Sausage making 101

By / Photography By Stuart Meade | May 23, 2016
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One by one, Rob Dutkiewicz pushes cold, three-inch chunks of cured pork down the chute of an electric meat grinder. Beautifully marbled meat noodles slowly emerge, dropping into a stainless-steel bowl below. I plunge my gloved hands into 20 pounds of ground pork shoulder and start squeezing the pink meat and bits of white fat between my fingers, scooping and kneading to mix in the freshly ground black pepper, juniper and garlic cloves.
As we work, Dutkiewicz (pronounced doot-KEH-vitch), a father, real estate agent and home sausage maker based in South Bend, tells me he started this yearly all-day sausage-making extravaganza when he was a teen as a way to connect with his Polish heritage. His grandfather was Polish and grandmother half Polish, half German.
He pulls out an impressive cast-iron stuffer and places it with a thud on the counter in front of us. This is when it becomes a “fun team-based game,” Dutkiewicz says. He fills the stuffer with meat and loads slimy opaque casings onto the pipe where sausage will come out. On command, I start slowly cranking. I’m using both hands; it’s hard work. As I watch him expertly guide the ground sausage into the casing, he says, “You have to work closely with the guy that’s cranking the press. If the guy cranking goes too fast, you break the casing. You have to communicate back and forth.”
Pressure’s on. It’s my turn to sit down and stuff casings, while Dutkiewicz cranks.
My right hand regulates how quickly the casing leaves the pipe, while my left guides the sausage, testing tension to make sure it’s just right as it moves along. Once a six-inch sausage has miraculously materialized in my hand, I twist off the end while Dutkiewicz simultaneously stops cranking, just for a moment, before we continue cranking out beautiful sausage after sausage.
Growing up, sausage-making day was as cherished as any other holiday, Dutkiewicz remembers. He would head to his best friend Bela’s house on a cold morning in February to make a big batch of kolbász, or Hungarian sausage, with the family. They’d dust off the old cast-iron sausage stuffer from Hungary and take direction from Bela’s father all day, not leaving until pounds upon pounds of six-inch links dangled in the smoker. Weeks later they’d come back together, eager to taste the sausage their own hands had made.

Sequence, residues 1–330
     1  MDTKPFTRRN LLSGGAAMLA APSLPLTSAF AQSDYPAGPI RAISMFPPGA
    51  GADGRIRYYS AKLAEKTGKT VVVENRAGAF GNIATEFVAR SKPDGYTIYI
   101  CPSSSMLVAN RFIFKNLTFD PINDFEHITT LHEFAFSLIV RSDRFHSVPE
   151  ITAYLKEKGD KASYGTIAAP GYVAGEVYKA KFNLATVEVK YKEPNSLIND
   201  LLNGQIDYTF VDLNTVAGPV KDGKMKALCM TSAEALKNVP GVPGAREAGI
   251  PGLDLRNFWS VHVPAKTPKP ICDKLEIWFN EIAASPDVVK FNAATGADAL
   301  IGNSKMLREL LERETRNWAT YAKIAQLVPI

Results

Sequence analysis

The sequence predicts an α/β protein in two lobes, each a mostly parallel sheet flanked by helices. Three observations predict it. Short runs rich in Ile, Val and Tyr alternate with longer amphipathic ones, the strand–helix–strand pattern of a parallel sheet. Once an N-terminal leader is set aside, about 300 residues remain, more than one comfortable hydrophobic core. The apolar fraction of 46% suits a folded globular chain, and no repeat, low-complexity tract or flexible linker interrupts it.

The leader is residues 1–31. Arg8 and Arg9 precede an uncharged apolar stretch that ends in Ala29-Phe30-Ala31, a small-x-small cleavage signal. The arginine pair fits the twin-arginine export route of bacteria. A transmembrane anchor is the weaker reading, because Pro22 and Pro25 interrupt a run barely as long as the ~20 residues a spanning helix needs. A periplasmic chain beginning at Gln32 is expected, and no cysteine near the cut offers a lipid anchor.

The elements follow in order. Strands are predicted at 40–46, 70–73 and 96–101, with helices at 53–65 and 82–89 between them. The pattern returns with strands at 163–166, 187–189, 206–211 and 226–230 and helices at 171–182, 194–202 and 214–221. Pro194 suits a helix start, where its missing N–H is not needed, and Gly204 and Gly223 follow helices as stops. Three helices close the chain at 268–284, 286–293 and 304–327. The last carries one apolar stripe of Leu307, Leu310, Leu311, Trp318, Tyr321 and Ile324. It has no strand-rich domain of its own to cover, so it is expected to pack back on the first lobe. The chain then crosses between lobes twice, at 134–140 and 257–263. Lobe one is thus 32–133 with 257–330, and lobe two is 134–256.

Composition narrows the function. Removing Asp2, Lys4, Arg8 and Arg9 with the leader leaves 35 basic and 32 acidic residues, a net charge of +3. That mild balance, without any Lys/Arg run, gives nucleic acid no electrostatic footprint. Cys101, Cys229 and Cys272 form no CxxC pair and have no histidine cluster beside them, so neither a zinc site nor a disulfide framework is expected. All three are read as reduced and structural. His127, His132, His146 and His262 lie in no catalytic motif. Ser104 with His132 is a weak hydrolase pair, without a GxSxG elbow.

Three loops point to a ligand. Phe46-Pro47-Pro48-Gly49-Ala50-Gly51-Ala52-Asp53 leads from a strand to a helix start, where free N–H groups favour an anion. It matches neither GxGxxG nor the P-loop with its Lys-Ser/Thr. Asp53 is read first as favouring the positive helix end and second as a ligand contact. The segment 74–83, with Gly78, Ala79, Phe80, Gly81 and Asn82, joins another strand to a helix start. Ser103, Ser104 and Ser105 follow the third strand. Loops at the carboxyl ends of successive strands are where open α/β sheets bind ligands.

When he turned 30, Dutkiewicz got the urge to make sausage again. Starting with a recipe his grandma borrowed from a Polish friend, Dutkiewicz and his good friend Ben began experimenting with sausage, relying on KitchenAid attachments and enthusiasm. He was on a quest to find a sausage recipe that would taste just like the one he made at his friend’s house growing up, but nothing quite hit the mark.
“My friend’s dad would hold the recipe tight to his chest,” says Dutkiewicz. “So I decided to find my own.”

And he did.

Over the past eight years Dutkiewicz has researched online, read books, accumulated equipment and tried all sorts of sausage recipes. His friends 
and family, including his three children, would come together to collaborate on each new batch. They made Italian, bratwurst, Cumberland, bangers 
and more.

In the midst of this cycle of search, trial and error—and loads of delicious sausage—Dutkiewicz realized he already had what he was looking for. Not the perfect Polish or Hungarian sausage recipe but instead a recipe for successfully connecting with his favorite people.

“Sausage making is so much more than recipes and techniques,” he says. “It speaks to something much deeper in us. Something that is handed down from parent to child, something that connects us to our heritage, our friends, our family—it grounds us in our roots and builds deep relationships.”

Sausage-making basics
While curing and casing sausage requires special equipment and ingredients, anyone can mix their own fresh-ground sausage right in their kitchen. Dutkiewicz tells me you can start small with the most basic equipment, recipe and ingredients, then grow your skill and toolbox from there. 

Polish hunter’s sausage, called mysiwska kielbasa, is one of Dutkiewicz's favorites. It incorporates three cuts of meat—pork shoulder, fresh ham and beef—and requires curing salts, drying and smoking. Since we’re all beginners here, we’re providing a fresh sausage recipe that’s perfect for first-time sausage makers. This breakfast sausage requires a meat grinder, but no stuffer, smoker or other special ingredients or equipment.

You can start with KitchenAid attachments, which range in price from $50 to $150, but Dutkiewicz says those will get frustrating pretty quickly. For those who decide to make sausage on a regular basis, he recommends buying an electric meat grinder with at least two speeds and two grinding plates. “Look for metal parts, especially where the grinding auger—the spiral part—attaches to the motor,” he says. You may also want to have a spice grinder on hand.

Pick up fresh local meat the same day or within a few days of when you plan to make sausage. Call ahead to order and ask to have the meat precut into three- or four-inch cubes to make it easier to grind. Dutkiewicz likes to buy from DC Meats in Osceola or Mattern’s Butcher Shop & Corner Deli in Goshen.
Click here for a list of local butchers in Michiana.
Article from Edible Michiana at
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